We recently had a client ask us how to get care for her father, while connecting all the dots between his health, finances, housing, insurance, and siblings that don’t always agree on what’s best for dad. The family needed a capable, informed, objective third party, who knows their way around the myriad of issues related to care for aging parents. She didn’t know it, but she was asking about Geriatric Care Management.

Several related terms come into play with this subject. Geriatric Care Manager and Geriatric Case Manager are common terms. The Aging Life Care Association uses the trademarked term Aging Life Care Professional. Those terms can, however, be a little misleading. While it’s true that our aging population is on the increase, many similar needs are found among adults with special needs, regardless of age.

The benefit of geriatric care management

The basic idea behind care management, whether related to special needs or aging adults, is that a host of related needs and solutions are coordinated through one trusted, capable professional. Steve Miskovic, Director of Operations for Care Choice Care Management is a great resource in the world of care management. He offered an example from recent experience.

For the sake of anonymity, we’ll call his client Janice. Janice is over eighty years old. Mark, her son, lives on the west coast. Janice needed extensive work done on her home. Steve arranged for a short term stay in an assisted living center, knowing that she might need to stay at a long-term care community at a later date, with an unknown time horizon.

When Janice fell and broke her hip in the assisted living center, Steve put a different plan into action. He coordinated her care, worked with the hospital discharge planners, coordinated her admission into a rehab center, and keeps an eye on her recovery while the next step is being planned.

Steve serves as the one stable thing throughout these rapidly-changing developments. These, along with the financial and insurance pieces, would have been too much for Mark to handle on his own. There are other social workers along the way, but they are typically overloaded, and details fall through the cracks. Mark is relieved that his mother is getting careful, detailed care from a knowledgeable professional, while staying fully informed at every step.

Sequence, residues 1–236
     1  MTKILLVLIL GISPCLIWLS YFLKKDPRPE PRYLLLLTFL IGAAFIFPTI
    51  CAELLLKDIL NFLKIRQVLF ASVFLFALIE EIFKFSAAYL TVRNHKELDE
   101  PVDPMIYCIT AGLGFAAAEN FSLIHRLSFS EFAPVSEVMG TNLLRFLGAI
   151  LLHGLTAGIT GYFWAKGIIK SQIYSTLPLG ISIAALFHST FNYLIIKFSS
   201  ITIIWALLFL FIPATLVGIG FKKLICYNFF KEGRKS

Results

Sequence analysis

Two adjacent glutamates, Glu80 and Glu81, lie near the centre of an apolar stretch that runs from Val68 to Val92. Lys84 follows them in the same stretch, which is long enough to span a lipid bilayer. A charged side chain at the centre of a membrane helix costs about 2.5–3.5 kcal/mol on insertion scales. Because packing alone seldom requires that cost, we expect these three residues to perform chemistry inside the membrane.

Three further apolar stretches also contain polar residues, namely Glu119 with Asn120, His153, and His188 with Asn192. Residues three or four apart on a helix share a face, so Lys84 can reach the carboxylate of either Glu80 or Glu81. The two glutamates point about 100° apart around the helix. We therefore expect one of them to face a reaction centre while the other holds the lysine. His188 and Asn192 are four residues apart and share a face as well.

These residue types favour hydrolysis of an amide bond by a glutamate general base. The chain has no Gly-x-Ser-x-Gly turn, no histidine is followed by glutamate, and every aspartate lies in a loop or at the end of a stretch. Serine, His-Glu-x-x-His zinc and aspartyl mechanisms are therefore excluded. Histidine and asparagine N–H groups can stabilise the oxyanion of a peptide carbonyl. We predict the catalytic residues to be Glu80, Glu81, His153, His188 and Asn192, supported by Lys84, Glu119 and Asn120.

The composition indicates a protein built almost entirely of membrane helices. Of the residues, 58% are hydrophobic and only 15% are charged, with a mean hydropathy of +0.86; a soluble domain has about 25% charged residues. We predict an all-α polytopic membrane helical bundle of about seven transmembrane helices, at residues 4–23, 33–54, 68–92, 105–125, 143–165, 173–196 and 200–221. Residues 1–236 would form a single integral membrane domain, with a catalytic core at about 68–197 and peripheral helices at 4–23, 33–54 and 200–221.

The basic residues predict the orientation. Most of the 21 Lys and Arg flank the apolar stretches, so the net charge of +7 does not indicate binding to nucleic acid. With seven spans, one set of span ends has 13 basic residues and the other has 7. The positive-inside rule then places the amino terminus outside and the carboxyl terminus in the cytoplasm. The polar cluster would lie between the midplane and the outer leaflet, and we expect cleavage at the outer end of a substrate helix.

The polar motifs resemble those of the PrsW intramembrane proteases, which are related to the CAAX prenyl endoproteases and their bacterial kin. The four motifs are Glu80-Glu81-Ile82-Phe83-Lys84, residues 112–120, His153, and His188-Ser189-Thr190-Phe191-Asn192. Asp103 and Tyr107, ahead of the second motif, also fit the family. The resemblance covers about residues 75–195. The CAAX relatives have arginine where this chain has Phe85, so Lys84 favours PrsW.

Choosing a geriatric care manager

Because a care manager plays such an important role with your family and loved one, it’s worth putting some effort into the selection. Here are a few pointers.

Get a referral: If you’ve done any kind of estate or retirement planning, you probably have an attorney or financial advisor you trust. Make them your first call. If they have someone they recommend, include that referral in the two or three providers you consider.

Alternatively, the Aging Life Care Association offers a robust, geographically-based search function. The results show, among other things, the practice areas of each individual.

Do your homework: Review and compare the websites and printed materials of the providers under consideration. Make a list of questions or concerns. Ask others in your circle of friends at church or in social circles.

Consider Competence and Chemistry: Your initial conversation may not be with the actual care or case manager, but you should get a feel for the company, the staff and their capabilities. The company’s approach makes a difference. Steve Miskovic explains: “For us, it’s not just about hiring competent caregivers. It’s about carefully assembling a team of highly qualified professionals, each with their own specialty, and synergizing those talents to deliver the very best care.”

Getting started

Usually it starts with a phone call and a simple conversation. You will discuss your situation with the care manager, and they’ll offer some ideas about how they can be helpful. The call is typically followed by a complimentary meeting with the client and their family.

How services are paid for

There are two basic ways geriatric care management services are paid for. Long Term Care Insurance sometimes offers coverage, but not very often. Those that do offer coverage, require a rider on the policy. In the vast majority of cases, services are paid for from private funds. Companies structure their charges in different ways. As for Care Choice Care Management, their charges are based on an hourly rate.

What is your aging plan?

Quality of life in your later years doesn’t happen by accident. The same is true of protecting the interests of special needs children. It requires both financial and legal planning, and being prepared to afford Geriatric Care Management, among other things. If you want help making your plans, call Quinn Estate & Elder Law at 636-428-3344.